We are glad to see that the City Council decided on July 8 to hold the proposed Memorandum of Understanding with Northwestern University about the use and operations of what was cagily termed “the beach located at end [sic] of Lincoln Street.”

As written for Council’s consideration on July 8, the MOU, as we opined in a piece posted just before the Council meeting, gave too much to Northwestern and reserved little, if anything, for the people of Evanston. So onerous was the MOU to Evanstonians, we found it difficult to believe that anyone representing the City would have crafted it.

Evanston still would have borne the responsibility to monitor the water quality on a daily basis and comb and smooth the beach weekly; in return, Northwestern would have had to hire a life guard and someone to monitor admissions.

A host of other benefits would have accrued to the University without any reciprocal benefit. For example, Northwestern would have been able to keep the beach open only during “beach hours” through the “beach season” – roughly Memorial Day to Labor Day – with additional closures dictated by the University. The University would also have been able to increase the admission price and to withdraw its parking privileges – if they can reasonably be called that – with notice, of course, but essentially at its own whim.

Our July 8 editorial enumerated these flaws and also raised the question of ownership of the beach. We appreciate the aldermen’s unwillingness to deal with the MOU as it was handed to them and their call for an MOU that is both shorter in duration and in provisions.

The question of ownership remains paramount.

The sand that became the beach accumulated because Northwestern filled in 80 or so acres of Lake Michigan, which it had acquired from the State of Illinois.

The beach is just north of the land Northwestern acquired from the State in the 1960s. The University’s history of the lakefill states, “After an extensive lobbying effort by the University, the State House and Senate voted in favor of a bill allowing the sale of the underwater property for $100 an acre. Governor Otto J. Kerner (Law, 1934) signed the bill on May 26, 1961.”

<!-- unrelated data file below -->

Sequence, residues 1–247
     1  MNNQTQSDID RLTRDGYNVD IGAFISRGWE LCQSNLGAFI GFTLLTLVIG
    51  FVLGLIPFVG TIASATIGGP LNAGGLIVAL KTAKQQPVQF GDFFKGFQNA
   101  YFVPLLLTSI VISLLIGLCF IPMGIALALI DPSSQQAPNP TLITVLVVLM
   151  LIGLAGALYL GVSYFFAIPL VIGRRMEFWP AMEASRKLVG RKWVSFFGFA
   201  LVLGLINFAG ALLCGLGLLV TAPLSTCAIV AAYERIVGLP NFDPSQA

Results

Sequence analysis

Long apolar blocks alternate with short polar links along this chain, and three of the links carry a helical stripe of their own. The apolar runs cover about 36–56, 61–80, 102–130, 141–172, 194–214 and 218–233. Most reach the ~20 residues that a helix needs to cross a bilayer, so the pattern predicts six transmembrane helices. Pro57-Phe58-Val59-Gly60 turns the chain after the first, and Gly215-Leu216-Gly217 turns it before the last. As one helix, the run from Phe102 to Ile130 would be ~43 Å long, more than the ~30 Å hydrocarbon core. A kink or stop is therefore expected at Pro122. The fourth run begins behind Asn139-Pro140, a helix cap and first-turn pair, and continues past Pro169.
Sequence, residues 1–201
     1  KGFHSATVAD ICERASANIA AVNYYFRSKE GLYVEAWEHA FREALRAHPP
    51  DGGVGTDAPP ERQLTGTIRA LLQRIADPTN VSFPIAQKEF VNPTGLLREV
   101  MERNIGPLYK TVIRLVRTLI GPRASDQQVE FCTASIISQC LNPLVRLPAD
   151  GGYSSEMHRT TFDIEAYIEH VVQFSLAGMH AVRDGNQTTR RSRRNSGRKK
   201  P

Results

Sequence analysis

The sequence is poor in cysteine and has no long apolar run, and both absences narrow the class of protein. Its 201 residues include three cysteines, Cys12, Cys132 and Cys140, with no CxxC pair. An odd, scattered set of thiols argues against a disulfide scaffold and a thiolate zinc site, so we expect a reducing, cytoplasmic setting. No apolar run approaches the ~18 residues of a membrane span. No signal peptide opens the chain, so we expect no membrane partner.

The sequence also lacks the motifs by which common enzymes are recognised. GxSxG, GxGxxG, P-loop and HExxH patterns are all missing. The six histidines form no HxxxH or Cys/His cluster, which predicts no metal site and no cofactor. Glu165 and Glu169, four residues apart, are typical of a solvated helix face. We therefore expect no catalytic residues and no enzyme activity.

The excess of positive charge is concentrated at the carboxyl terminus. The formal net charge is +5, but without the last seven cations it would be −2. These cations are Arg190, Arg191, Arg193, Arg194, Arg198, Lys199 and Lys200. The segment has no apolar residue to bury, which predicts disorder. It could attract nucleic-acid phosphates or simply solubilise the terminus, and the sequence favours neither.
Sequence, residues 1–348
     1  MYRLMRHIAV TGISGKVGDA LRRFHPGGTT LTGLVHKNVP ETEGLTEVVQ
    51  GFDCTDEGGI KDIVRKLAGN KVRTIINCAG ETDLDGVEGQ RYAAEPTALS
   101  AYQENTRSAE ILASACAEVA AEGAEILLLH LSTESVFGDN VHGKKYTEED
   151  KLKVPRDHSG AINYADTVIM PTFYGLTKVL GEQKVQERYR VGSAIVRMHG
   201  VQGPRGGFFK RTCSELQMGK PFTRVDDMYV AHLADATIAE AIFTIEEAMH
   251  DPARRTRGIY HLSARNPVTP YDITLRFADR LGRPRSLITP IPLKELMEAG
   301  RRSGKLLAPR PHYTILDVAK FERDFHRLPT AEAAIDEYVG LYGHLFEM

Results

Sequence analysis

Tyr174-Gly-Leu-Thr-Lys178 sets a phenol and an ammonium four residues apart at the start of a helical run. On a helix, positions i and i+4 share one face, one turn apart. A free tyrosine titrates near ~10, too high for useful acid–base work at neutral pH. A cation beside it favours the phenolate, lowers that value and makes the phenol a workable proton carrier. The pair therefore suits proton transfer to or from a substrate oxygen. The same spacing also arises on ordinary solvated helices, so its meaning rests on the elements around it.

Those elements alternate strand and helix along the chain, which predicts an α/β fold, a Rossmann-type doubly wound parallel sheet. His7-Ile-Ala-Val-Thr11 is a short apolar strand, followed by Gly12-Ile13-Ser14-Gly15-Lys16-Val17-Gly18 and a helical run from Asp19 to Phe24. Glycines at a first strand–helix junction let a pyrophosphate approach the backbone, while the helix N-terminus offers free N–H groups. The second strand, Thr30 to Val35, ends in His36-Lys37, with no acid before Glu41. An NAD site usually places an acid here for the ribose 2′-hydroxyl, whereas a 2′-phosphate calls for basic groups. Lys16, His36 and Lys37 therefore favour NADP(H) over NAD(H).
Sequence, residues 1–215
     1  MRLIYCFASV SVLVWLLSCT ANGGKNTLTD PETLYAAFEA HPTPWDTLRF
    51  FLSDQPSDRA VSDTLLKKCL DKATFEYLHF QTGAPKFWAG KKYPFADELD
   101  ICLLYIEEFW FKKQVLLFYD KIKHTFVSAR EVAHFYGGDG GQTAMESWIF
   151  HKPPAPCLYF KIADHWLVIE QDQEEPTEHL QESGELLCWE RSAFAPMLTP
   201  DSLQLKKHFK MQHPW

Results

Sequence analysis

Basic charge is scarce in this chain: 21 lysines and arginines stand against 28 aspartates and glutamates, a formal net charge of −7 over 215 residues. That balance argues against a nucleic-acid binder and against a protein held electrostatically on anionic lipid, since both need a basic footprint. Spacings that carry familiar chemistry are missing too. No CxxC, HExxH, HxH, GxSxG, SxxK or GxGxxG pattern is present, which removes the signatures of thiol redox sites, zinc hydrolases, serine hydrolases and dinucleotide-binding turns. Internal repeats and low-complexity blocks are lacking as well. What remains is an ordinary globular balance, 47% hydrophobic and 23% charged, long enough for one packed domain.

For too long, common parlance and usage have deemed it the “Northwestern beach,” but that is far from accurate. Under the Public Trust doctrine, the beach is a public, not a private one.

The Illinois Department of Natural Resources has asserted ownership of the beach on behalf of the people of Illinois. While there is no formal statement yet, an IDNR spokesperson told the RoundTable on July 10 that City and IDNR officials are working on an intergovernmental agreement that would allow Evanston to use the beach.

The terms of this agreement will likely reframe the MOU, if not obviate the need for it.

Should the City decide to pursue an MOU, it must state up front that the beach, created by accretions of sand from Northwestern’s construction, is a public beach.

Alderman Eleanor Revelle suggested some items she would like to see in a new MOU: – a term that ends in April of next year, year-round accessibility during the same hours

as all the other Evanston beaches, admission fees that are the same as the City’s and notification by Northwestern when it plans to close the beach.

We would add that Northwestern should provide free parking. Since this is a public beach, we think Northwestern should make parking accommodations for beach-users in the “beach season.” Perhaps 25 spaces in a nearby lot could be used for beach-goers on a given day. Each of these spaces could have a set time limit – say, three to four hours – thus opening up the parking. Of course, parking should be free during those times.

Ald. Revelle also mentioned that there might be one or more endangered species in the dunes or dune grasses at Lincoln Street Beach. We urge the City, IDNR and Northwestern to ascertain whether this is in fact the case and, if so, to find a way to protect or shelter the species.

Finally, we would like to have the MOU call it Lincoln Street Beach.